I think it’s too late
to make this poem
into a specific traffic (pall
of bright melancholy)
to know where I falls
on the inside or outside of time/space
too late — the marked
of the land has
submitted its own
dream & question
– Eleni Sikelianos
Language would be easier if we could remove the prepositions but then the objects and subjects would be difficult to discern. Like I said, in my career as a writer—I know it suspect for poets to speak of career—I find myself more attractive as an object. If I am the object then who is the subject? Unnecessary.
– Rachel Levitsky
This passage sounds like it comes from an essay or an interview or some kind of thinkpiece, but it’s in the middle of a poem from Neighbor. This straightforward Rachel Levitsky voice comes in from time to time, addressing the means and motives of the project, how she feels about it, etc. Like a note to herself that she forgot to take out. This book is managing a balance between rawness and purposeful construction that I’m really enjoying—maybe a mimic of the same balance between self and Neighbor/Other, that strange relationship wherein you are formal and polite with someone, yet share some degree of intimacy. I live in a duplex, and sometimes we hear the neighbors’ baby crying, which sounds a lot like our cat crying. I hear them most often when in the bathroom, which is the closest point between our two apartments, the thinnest wall, the most personal space to be in when you hear your neighbors talking. To share a house or a neighborhood is to share some kind of daily experience, putting your body near to another body. Under the circumstances / suburbia / this makes me more interested in parts of my thesis.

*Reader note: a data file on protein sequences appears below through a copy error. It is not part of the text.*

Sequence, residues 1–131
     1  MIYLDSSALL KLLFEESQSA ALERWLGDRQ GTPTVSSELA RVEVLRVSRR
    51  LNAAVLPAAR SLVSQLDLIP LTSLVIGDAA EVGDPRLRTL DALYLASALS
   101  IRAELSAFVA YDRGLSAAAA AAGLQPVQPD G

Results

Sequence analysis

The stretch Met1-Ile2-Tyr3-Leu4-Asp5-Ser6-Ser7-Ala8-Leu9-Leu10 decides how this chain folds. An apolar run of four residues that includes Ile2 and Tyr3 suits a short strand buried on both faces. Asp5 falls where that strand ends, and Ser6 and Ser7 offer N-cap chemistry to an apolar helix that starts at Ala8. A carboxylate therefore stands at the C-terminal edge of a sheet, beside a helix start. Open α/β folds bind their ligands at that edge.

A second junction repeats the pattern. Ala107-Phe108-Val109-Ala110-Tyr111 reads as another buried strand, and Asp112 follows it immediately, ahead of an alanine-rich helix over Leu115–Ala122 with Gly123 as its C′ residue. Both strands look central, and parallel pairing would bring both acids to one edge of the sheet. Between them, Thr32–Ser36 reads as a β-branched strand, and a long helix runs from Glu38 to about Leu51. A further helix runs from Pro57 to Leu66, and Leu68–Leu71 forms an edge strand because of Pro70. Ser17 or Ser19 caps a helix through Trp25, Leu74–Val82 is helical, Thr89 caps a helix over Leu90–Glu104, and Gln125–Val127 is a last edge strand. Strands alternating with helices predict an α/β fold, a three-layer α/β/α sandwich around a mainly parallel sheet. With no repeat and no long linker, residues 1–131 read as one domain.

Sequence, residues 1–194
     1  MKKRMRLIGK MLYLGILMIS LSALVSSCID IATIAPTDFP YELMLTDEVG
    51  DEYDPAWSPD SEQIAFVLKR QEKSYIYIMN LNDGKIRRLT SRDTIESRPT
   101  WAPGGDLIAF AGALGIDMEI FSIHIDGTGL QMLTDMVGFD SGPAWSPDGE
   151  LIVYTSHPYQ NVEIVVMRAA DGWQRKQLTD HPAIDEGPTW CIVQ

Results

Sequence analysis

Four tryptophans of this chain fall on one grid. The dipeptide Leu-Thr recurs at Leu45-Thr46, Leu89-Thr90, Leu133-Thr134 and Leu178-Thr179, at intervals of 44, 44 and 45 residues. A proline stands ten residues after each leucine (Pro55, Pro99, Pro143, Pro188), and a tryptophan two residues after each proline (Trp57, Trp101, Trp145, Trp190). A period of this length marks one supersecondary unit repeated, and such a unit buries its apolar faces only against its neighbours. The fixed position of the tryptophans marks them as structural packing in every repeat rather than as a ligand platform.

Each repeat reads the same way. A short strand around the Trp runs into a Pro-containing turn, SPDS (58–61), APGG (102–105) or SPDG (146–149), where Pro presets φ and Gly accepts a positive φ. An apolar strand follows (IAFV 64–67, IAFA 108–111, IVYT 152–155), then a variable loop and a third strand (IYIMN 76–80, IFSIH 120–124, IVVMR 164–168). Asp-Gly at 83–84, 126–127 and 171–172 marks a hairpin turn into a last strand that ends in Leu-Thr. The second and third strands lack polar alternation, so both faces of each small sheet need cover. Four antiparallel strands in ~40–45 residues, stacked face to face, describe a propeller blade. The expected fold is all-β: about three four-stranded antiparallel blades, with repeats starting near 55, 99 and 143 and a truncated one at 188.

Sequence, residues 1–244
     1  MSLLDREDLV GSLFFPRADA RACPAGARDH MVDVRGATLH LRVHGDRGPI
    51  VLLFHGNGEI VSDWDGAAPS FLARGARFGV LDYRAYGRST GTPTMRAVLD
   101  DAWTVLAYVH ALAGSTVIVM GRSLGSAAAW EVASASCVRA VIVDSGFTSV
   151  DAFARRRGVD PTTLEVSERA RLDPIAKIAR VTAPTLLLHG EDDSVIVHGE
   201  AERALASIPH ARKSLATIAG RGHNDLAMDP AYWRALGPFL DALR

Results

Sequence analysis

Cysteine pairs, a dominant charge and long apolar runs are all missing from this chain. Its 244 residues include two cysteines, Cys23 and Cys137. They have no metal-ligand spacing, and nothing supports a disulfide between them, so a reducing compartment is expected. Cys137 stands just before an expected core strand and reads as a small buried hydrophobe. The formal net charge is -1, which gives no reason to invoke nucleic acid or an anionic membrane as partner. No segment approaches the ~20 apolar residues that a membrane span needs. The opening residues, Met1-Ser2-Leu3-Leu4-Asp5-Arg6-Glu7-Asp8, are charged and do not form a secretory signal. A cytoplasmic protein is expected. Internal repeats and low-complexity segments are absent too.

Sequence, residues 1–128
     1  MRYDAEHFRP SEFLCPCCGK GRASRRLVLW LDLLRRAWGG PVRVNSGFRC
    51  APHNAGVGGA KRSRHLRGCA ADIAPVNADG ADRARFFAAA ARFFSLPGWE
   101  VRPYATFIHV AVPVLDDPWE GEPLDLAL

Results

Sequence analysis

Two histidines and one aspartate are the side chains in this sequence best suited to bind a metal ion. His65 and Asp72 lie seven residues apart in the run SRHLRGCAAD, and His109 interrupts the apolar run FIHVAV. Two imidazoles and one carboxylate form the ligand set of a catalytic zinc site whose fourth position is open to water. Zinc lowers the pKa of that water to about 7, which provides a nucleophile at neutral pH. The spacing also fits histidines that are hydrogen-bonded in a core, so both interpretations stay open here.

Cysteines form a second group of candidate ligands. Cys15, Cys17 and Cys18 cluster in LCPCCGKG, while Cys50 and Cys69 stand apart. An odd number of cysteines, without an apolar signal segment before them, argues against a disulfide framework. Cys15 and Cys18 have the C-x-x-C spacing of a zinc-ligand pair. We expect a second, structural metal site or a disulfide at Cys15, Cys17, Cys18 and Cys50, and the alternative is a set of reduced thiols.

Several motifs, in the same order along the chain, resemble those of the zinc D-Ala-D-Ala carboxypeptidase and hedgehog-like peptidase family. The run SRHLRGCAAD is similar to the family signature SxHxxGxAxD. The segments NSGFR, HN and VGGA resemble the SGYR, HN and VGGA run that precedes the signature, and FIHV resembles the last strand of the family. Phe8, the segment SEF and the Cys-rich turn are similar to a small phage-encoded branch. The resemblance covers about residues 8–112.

I read another book earlier in the day that I was not nearly as excited about. I read it, and it didn’t make me think about anything at all. I guess I thought That was a book but I’m not sure that counts. I’m interested, mostly, in books that enact the ideas they’re writing about.
Where is my dead one?
Shape makes life too small.
But I needed borders to do the remembering,
needed them to get the package out of there.
Who would get the package out
if I had no borders. I needed them
in order to be anything at all—
– Brenda Hillman
I, uh, finally finished reading My Life yesterday. That’s embarrassing. I’m a slow reader when it comes to poetry, but I’m usually not that slow. Winter break and driving to Missouri and coming back and my parents and sister visiting sort of slowed it up. I can see why my thesis advisor recommended it—personal, sentence-focused, image-based, anaphoric. My heart loves a book with a good heart beat.
It was hard to digest all at once, though, even considering all the things that got in my way. It’s not that long, page-wise, but very dense. I prefer to read poetry books all in one sitting, much like B likes to listen to whole albums. I’m interested in the whole of the thing. It bothers me when poets talk about reading other poets piecemeal, or out of order. I feel like there’s a certain respect you pay to the writer and the way they used sequencing, at least the very first time you’re reading the work. I’m also really big on following the rules, so.
My Life was like all the materials that make up a building, but not the building itself. Not a building as in a narrative, but as in a shape. I don’t know. I like architecture. I think I like it because it follows the rules of reality, but sometimes you can look at it and wonder how it possibly follows the rules of reality.
[groin vaulting at Saint Denis Cathedral]
While sitting on the couch, doing a practice read-through of the poems for this Friday’s reading, I realized I was tapping one foot along with the rhythm. Like my mom does when she’s playing the cello.